Opinion: Daily Journal

The Iowa Myth and the Governor’s Race

RALEIGH – My guess is that as soon as it became clear that Richard Vinroot and Patrick Ballantine were going to be the top-two candidates in the gubernatorial primary results on Tuesday, each earning a ticket to an August 17 runoff, some political pros and commentators began writing up their take on a popular analogy.

It is said that in a multi-candidate primary, candidates who find a way to keep out of slugfests and ad wars will prosper as voters are turned off by negative campaigning by frontrunners and start look for an alternative. The new and popular proof of this political truism is said to be found in the Democratic presidential caucus in Iowa, where frontrunners Howard Dean and Richard Gephardt clobbered each other on television in the last few weeks of the campaign, allowing John Kerry and John Edwards to slip into the lead.

The argument will be that Vinroot and Bill Cobey should have headed this cautionary tale. A couple of weeks ago, Vinroot led in public polls with about 30 percent of the vote, give or take, with Cobey in the low 20s and Ballantine a somewhat-distant third. Then Cobey made the statement that he had never voted to raise taxes during his term in Congress. Vinroot immediately responded by pointed out that Cobey had voted three times for federal tax increases (albeit relatively minor ones). Rather than simply admit error and correct the record, Cobey charged Vinroot with “dirty politics” and the exchange escalated into an array of charges and countercharges.

As this process unfolded, Ballantine began to surge in the polls. By the weekend before the election, he and Cobey were essentially neck-and-neck in the race and somewhat behind Vinroot. By election day, Vinroot had gotten little of the undecided vote to break his way, ending up with 30 percent of the vote. Ballantine essentially tied him with 30 percent, thus making the runoff, while Cobey fell slightly behind at 27 percent.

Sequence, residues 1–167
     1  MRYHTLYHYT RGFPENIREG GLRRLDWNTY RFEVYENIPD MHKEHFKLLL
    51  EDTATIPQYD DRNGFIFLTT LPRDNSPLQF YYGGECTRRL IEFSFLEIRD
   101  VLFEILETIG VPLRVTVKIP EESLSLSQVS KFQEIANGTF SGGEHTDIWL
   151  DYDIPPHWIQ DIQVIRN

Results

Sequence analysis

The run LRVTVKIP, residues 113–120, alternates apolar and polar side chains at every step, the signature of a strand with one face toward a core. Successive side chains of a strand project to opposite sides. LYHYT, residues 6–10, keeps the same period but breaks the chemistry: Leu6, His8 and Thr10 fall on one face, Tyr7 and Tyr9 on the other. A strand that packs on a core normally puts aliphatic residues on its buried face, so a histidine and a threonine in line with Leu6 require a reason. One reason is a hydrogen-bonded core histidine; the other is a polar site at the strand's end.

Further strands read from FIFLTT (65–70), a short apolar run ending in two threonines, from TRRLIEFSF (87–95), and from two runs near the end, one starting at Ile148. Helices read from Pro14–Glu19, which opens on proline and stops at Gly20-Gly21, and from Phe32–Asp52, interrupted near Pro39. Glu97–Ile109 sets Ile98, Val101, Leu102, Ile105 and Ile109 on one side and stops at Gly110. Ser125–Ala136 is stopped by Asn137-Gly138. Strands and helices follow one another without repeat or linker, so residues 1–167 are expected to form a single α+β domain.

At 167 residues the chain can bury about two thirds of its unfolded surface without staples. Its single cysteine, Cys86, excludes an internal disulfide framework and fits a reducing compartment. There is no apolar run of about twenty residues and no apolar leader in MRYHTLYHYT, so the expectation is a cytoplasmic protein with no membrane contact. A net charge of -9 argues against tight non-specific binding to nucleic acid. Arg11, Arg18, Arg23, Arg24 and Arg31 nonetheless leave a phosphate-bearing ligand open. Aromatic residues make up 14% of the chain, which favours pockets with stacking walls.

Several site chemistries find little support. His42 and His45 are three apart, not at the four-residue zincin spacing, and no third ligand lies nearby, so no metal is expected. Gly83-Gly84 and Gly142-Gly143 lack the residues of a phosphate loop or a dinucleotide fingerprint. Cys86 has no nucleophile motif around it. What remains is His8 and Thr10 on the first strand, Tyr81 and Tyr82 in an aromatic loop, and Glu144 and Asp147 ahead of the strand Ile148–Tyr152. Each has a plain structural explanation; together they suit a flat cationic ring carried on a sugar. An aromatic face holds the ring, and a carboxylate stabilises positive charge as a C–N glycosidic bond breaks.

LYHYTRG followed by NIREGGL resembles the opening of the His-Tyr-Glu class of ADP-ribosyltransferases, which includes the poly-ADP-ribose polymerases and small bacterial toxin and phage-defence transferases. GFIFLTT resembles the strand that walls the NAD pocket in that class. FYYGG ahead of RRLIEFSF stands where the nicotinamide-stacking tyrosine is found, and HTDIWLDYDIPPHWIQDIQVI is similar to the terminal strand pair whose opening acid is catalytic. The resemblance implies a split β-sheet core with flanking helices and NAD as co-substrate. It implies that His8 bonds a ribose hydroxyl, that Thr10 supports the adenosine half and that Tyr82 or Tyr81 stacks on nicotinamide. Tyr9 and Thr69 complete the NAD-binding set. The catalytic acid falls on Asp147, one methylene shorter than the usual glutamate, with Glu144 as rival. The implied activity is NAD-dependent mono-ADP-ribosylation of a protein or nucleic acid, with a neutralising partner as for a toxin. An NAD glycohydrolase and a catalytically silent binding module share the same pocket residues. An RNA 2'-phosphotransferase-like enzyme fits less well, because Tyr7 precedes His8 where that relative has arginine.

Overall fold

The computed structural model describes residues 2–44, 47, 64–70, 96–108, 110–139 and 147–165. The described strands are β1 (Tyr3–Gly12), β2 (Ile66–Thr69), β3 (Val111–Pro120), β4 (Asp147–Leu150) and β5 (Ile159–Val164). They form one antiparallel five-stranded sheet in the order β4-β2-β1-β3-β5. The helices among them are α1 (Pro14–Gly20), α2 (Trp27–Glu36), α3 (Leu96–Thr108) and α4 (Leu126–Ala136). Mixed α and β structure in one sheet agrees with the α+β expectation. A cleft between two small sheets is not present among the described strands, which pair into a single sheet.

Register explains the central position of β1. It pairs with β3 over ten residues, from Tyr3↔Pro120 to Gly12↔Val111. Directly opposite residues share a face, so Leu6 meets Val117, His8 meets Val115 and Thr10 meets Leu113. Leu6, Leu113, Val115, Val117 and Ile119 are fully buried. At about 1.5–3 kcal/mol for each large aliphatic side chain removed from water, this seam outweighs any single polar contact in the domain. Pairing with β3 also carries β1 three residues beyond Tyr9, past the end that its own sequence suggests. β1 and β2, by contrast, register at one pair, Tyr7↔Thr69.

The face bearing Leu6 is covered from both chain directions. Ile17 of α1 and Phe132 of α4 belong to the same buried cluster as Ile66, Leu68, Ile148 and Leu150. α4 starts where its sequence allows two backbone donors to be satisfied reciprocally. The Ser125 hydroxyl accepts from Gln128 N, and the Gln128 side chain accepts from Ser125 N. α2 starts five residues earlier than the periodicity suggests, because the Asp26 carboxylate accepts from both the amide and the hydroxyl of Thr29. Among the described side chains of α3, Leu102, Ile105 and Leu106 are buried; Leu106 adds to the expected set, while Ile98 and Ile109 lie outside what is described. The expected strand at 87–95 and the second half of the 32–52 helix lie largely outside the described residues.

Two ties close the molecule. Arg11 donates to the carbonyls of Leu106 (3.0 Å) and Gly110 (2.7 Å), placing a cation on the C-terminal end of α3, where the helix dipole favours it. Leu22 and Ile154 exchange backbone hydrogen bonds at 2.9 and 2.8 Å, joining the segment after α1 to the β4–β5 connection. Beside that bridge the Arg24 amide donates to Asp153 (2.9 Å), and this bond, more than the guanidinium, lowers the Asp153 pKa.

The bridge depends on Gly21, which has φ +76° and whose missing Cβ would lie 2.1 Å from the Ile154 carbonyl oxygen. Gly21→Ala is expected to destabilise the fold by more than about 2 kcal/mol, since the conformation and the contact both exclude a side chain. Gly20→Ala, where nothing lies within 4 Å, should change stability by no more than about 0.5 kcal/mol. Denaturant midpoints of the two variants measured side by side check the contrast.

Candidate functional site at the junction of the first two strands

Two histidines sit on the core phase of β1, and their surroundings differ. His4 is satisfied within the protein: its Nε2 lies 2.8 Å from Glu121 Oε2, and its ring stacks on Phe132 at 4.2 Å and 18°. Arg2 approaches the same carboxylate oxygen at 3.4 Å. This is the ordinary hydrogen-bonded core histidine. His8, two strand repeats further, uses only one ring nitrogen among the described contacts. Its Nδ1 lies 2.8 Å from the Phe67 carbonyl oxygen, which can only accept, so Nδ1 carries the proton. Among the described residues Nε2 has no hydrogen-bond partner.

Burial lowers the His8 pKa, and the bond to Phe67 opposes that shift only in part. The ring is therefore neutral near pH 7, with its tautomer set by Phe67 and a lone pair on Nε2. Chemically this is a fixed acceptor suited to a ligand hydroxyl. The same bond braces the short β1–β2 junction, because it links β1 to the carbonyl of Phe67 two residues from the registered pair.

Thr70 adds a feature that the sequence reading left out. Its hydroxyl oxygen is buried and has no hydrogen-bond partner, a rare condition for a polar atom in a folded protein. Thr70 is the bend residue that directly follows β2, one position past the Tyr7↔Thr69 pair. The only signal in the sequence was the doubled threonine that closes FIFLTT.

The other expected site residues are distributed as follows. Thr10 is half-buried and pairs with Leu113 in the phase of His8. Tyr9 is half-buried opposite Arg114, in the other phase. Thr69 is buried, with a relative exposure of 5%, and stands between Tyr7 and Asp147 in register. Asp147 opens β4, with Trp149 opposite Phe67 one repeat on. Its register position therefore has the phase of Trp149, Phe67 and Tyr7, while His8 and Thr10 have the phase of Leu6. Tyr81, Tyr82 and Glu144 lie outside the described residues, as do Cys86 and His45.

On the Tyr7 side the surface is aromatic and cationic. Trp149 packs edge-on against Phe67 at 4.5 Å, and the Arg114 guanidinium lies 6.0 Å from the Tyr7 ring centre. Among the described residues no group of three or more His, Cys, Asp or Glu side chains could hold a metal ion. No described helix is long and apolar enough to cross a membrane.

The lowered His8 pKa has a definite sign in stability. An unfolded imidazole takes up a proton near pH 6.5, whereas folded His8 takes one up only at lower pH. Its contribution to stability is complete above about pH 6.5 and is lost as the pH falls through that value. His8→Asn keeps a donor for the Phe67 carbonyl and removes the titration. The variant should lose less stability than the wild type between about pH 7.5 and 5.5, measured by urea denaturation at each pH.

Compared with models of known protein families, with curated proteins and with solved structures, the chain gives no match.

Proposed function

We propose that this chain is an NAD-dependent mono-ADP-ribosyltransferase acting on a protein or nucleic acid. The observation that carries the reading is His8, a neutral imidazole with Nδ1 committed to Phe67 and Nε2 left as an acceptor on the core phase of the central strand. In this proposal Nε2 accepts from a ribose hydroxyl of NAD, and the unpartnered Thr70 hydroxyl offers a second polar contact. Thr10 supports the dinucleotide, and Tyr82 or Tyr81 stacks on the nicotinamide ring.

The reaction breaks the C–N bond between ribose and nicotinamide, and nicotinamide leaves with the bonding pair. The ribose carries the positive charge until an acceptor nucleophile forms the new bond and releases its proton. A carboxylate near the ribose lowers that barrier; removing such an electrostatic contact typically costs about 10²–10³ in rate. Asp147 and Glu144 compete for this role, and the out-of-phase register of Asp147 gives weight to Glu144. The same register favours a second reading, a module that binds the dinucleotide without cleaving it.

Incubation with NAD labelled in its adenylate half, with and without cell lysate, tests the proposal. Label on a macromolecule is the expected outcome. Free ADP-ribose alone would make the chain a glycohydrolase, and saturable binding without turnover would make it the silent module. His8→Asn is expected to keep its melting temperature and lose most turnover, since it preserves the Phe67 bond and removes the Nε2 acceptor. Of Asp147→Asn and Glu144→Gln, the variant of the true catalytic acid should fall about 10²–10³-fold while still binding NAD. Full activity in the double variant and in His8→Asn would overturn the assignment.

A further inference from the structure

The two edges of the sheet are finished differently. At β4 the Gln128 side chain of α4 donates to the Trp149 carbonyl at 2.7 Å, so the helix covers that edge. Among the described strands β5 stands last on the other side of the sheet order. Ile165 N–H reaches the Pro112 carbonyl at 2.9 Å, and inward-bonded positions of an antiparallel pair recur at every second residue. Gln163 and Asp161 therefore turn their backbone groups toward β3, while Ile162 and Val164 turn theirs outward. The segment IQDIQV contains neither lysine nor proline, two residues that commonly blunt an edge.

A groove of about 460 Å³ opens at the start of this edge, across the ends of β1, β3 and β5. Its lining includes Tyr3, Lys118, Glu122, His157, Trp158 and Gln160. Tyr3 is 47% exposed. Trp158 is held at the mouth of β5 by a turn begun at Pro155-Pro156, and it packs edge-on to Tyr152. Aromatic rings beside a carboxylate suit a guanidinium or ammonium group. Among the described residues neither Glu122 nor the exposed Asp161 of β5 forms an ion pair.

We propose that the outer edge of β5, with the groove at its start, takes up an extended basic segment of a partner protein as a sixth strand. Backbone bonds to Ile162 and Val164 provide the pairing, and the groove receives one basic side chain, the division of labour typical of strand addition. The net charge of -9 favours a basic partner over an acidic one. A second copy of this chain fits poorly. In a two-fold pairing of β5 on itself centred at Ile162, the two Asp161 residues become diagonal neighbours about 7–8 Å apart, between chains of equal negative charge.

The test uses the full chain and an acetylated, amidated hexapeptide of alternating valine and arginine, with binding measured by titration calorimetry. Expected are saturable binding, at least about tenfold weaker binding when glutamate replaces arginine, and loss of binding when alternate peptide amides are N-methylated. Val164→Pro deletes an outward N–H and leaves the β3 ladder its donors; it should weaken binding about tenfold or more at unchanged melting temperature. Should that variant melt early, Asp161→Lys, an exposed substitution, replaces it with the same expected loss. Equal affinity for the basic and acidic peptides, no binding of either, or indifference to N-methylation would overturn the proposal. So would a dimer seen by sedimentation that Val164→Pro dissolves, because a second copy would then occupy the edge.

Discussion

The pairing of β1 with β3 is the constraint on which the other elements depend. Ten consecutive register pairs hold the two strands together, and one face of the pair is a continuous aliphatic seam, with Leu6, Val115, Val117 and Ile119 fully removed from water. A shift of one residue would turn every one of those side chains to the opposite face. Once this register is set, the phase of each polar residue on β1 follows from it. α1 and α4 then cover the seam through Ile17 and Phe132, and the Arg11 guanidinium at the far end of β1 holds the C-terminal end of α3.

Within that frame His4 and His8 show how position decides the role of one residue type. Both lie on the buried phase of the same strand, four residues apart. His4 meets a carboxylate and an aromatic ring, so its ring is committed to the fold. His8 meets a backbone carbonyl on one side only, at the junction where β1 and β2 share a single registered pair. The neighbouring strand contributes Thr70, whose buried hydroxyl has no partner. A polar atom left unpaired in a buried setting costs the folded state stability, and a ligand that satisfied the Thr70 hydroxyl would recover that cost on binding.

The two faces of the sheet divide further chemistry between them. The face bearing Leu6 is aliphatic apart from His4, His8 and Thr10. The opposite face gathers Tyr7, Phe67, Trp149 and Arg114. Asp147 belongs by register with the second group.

So, what are we to make of a potential comparison between the Democrats’ Iowa scrum and the Republicans’ North Carolina tax tiff? Not a whole lot, in my opinion. First, the notion that Dean and Gephardt blew it in Iowa because of negative TV ads has proven to be a myth that formed quickly in punditry circles without having any real evidence to back in up. Excellent reporting by Roger Simon in a recent issue of U.S. News & World Report revealed that Kerry’s surge started before the ads did, that it had little to do with them (it was about organization and strategy), and that most Iowa voters likely to go to the caucuses weren’t pay much attention to TV messages by that point.

The second problem with the comparison is that there were other factors going on in the last couple of weeks. Ballantine’s campaign was on the air in major television markets with an effective set of ads – more conventional that his earlier efforts, and showing a youthful and energetic candidate offering a clear message of change in Raleigh on issues voters cared about, such as taxes and economic development. Cobey’s advertising was underwhelming by comparison. Futhermore, while his handling of the tax issue probably hurt him with some primary voters, he obviously attracted some undecided voters in the last days. Vinroot apparently didn’t, but that’s probably due to the old pattern of late-deciding voters breaking against the known quantity in a big race, since they’ve obviously been looking for an alternative all along.

I don’t doubt that a few voters might have been turned off by the Vinroot-Cobey jabs, but expect some observers to exaggerate the point. Vinroot and Ballantine will likely criticize each other during their brief runoff campaign. As long as their exchanges are substantive and factual, rather than personal and nasty, the result probably won’t be to weaken the eventual nominee that much. He will have far larger problems to worry about in the fall, such as a late start against a well-financed incumbent in a year in which a Republican president may not win by a large-enough margin to offer coattails to cling to.

Hood is president of the John Locke Foundation and publisher of Carolina Journal.